It’s a form of expression spanning every genre, but is it still finding favour?
W Somerset Maugham once said that poetry is “the crown of literature”, and yet modern society does not value poetry like it values maths or science. Poetry is presented as the language of the elite – intangible and out of reach for the everyman.
This is reflected in the recent decision to make the study of poetry “optional” for GCSE English students. Whilst Shakespeare plays remain compulsory, poetry has been deemed worthy of only an “optional” status. The decision reverberated around the literary world, as it suggested that the government views poetry as an irrelevant literary form.
But is this really the case? There is a misconception that poetry is an antiquated form of literature. In reality, poems are perhaps more timeless and more accessible than plays or novels. Poems are the purest, most raw expressions of emotion. They are less prettified, less refined, and, for this reason, completely essential. Poems can be a plea for help, a cry for justice, a demonstration of love, a song of appreciation. Poetry can be spoken, rapped, sung, encoded. Lines of verse are the oldest form of currency, predating both most other forms of literature.
Poetry gives us the truest insight into the human condition.
One only needs to briefly browse online to find the abundance of poems that have arisen from the current coronavirus pandemic. From Laureates to amateur poets, people across the globe have been turning to verse to express their emotions, and the literary world is much richer for it. In her COVID inspired poem, ‘The Social Distance’ Kim Roberts writes: “the muzzled world. /On the sidewalk, we try a new geometry, /but some repeatedly fail their maths”. Could there be a more perfect way to articulate the issues surrounding social distancing? Roberts’ extended mathematical metaphor encapsulates the public’s lack of logic and their inability to adapt old reasoning to a changing world.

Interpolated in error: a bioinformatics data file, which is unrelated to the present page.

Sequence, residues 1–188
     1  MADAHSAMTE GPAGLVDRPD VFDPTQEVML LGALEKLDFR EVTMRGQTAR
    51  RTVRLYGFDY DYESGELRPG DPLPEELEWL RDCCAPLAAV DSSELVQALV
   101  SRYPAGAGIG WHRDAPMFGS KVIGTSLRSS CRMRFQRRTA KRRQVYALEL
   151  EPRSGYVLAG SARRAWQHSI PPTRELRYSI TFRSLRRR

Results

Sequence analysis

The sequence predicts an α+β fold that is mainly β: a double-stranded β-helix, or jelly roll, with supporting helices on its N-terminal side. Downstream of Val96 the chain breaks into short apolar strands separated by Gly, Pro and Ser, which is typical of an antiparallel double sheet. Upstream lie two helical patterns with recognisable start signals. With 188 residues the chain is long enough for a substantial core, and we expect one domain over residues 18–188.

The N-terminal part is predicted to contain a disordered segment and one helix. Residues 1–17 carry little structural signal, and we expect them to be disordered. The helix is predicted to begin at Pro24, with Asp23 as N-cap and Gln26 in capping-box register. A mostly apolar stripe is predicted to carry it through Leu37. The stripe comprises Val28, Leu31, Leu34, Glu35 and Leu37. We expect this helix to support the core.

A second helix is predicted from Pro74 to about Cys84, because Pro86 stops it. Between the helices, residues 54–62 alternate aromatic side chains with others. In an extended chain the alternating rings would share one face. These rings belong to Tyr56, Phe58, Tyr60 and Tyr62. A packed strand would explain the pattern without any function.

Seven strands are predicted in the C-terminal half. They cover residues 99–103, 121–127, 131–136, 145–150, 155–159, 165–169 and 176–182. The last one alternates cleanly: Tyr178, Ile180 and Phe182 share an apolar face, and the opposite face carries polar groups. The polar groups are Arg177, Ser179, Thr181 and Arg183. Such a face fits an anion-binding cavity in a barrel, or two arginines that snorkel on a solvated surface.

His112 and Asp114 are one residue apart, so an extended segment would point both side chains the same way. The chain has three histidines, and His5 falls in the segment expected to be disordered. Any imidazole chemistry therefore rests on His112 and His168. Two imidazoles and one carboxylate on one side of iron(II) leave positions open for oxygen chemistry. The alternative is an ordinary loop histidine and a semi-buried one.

In his poem ‘The Air, Corporeal’, Seán Hewitt describes the uncertainty that pervades society: “we cannot know what the past/ will be made of next”. Is there a more apt way to express the utter confusion and distress that everyone is currently feeling? Hewitt’s juxtaposition between the past and the future places us, the reader, in the middle: the no man’s land of the present where current events are so unprecedented that we can find no answers in history.
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In fact, there are poems in response to nearly every modern global phenomenon or issue. Refugees, wars, violence, persecution, racism, homophobia. Everything. One particular line of Warsan Shire’s poem ‘Home’ resonates with the current refugee crisis in the UK: “no one puts their children in a boat /unless the water is safer than the land.” Wow. Those two lines carry more power and gravity than any speech or statement that a politician could ever make. Shire verbalises every inch of pain and suffering that a refugee might feel. The emotion in his lines is tangible. Poetry does that.
Verse is the voice of the modern world. The scared, unsure voice. There is a reason why people worldwide are driven to express themselves through poetry: the process, and the product, are cathartic. Poems are relevant because they are written by relevant people, experiencing relevant issues. They are human babies born to pertinent parents.
Poems can reach people in a way that other literature cannot. People who dismiss the genre as irrelevant have perhaps just not encountered something that speaks to them. They have not had that experience of reading a line of verse and sitting back in their chair, thinking “wow, it’s almost like this poet read my mind”.
Maybe the flowery sonnets of the 1600s are less relatable to a modern teenager, but their themes nonetheless remain timeless. Love – tick. Grief – tick. Anger, resentment, frustration – tick, tick, tick.
The move by exam boards to take poetry off the GSCE syllabus is counter-intuitive; in an attempt to make students engage more with literature (by removing poetry), they have taken away the one thing that might actually reach a generation of confused and disillusioned young people. The very people who could be writing the poetry of our future.
All literature is important – that is undeniable – but poetry is arguably the true “crown”, because it reigns above the other forms with its timelessness and relevance. Few people can quote from an Arthur Miller play. Many people can quote Mary Elizabeth Frye’s line “do not stand at my grave and weep”, because it speaks to every grieving person everywhere.
Poetry is relevant to the modern world, and to our future world, because it holds the key understanding each other, and it is essential that we, as a society, recognise, and honour, that.